The Federal Elections Commission ruled last week that Microsoft can offer election security software free of charge to political candidates and committees and not run afoul of campaign-finance laws.
Campaign-finance experts said this creates a massive loophole that corporations can now exploit.
A ruling last week by the Federal Election Commission related to Microsoft and security software it wants to offer free of charge to political candidates and parties could have massive implications, creating a loophole that allows corporations to skirt campaign-finance laws, experts say.
In a 4-0 decision, the FEC ruled that Microsoft can provide federal candidates and national party committees with free election security services after the company sought an advisory opinion from the commission last month.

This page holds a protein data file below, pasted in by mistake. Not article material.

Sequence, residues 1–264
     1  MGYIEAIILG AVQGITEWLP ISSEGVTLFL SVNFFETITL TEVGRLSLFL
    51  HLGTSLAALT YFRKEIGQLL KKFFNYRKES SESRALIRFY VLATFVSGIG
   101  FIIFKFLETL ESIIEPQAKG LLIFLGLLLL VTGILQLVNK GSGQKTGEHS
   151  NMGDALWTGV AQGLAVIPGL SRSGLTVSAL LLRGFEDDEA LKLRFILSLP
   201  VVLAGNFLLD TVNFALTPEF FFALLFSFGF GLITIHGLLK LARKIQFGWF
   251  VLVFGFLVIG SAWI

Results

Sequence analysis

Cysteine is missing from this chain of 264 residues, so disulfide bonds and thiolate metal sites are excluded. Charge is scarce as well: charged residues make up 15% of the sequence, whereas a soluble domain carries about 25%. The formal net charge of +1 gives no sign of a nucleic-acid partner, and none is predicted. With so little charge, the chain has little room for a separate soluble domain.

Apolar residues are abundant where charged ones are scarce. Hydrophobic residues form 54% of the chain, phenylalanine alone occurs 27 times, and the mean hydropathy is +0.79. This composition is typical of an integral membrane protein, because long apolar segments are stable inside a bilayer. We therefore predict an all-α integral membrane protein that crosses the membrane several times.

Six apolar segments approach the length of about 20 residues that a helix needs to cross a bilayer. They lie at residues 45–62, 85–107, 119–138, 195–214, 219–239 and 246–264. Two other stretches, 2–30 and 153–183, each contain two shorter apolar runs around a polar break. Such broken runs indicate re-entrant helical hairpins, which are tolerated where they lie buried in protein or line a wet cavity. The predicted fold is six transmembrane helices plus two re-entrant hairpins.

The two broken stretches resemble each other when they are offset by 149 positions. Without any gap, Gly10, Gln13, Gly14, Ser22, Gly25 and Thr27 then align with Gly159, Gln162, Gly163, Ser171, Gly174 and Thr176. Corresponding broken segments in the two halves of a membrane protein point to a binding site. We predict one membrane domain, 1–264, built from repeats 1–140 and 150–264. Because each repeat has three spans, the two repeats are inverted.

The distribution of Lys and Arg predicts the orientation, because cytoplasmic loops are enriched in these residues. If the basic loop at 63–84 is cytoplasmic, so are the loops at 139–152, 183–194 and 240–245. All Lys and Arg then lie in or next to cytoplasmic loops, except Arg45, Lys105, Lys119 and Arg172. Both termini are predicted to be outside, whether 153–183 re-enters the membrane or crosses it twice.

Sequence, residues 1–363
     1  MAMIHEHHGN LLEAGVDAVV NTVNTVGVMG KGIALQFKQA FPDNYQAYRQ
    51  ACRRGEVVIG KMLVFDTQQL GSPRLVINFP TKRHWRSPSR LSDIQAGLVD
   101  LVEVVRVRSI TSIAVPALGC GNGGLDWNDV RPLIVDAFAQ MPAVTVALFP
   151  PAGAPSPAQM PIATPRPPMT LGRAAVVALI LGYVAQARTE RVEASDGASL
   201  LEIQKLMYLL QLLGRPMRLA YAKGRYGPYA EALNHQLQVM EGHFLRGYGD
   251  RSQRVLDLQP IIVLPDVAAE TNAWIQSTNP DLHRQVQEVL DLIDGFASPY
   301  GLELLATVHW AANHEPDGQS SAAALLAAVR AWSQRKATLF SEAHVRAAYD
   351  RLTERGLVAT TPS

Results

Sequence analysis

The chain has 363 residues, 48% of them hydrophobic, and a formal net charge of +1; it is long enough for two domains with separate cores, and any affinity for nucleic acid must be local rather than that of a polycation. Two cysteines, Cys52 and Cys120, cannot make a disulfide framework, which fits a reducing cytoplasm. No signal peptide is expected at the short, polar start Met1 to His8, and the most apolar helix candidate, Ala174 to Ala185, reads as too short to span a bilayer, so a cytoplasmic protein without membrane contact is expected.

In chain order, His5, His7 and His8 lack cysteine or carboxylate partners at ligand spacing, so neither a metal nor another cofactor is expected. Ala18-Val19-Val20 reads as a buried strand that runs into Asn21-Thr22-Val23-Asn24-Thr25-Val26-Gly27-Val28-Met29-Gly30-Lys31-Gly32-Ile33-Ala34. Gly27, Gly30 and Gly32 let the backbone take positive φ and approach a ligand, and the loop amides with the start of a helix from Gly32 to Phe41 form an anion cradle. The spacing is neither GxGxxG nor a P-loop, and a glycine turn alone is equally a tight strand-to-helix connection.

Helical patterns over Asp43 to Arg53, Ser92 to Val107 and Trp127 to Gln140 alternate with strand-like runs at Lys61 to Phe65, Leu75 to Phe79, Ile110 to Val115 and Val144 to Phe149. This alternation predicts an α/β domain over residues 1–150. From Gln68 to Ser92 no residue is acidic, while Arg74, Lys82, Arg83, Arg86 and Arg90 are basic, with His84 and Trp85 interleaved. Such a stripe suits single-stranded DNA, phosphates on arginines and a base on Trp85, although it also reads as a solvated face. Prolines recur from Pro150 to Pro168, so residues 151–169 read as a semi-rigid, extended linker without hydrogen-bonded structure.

Microsoft said it was offering its AccountGuard service on a nonpartisan basis to candidates, party committees, and some nonprofit groups free of charge. The purpose of doing so, the company said, was to help thwart foreign electoral interference. Company lawyers told the FEC that Microsoft also has a “compelling business interest in maintaining its brand reputation,” one that would be harmed by potential election-related hacking.
The FEC concluded that Microsoft’s offering of the service for free to such candidates and groups wouldn’t constitute an illegal …read more
Source:: Businessinsider – Politics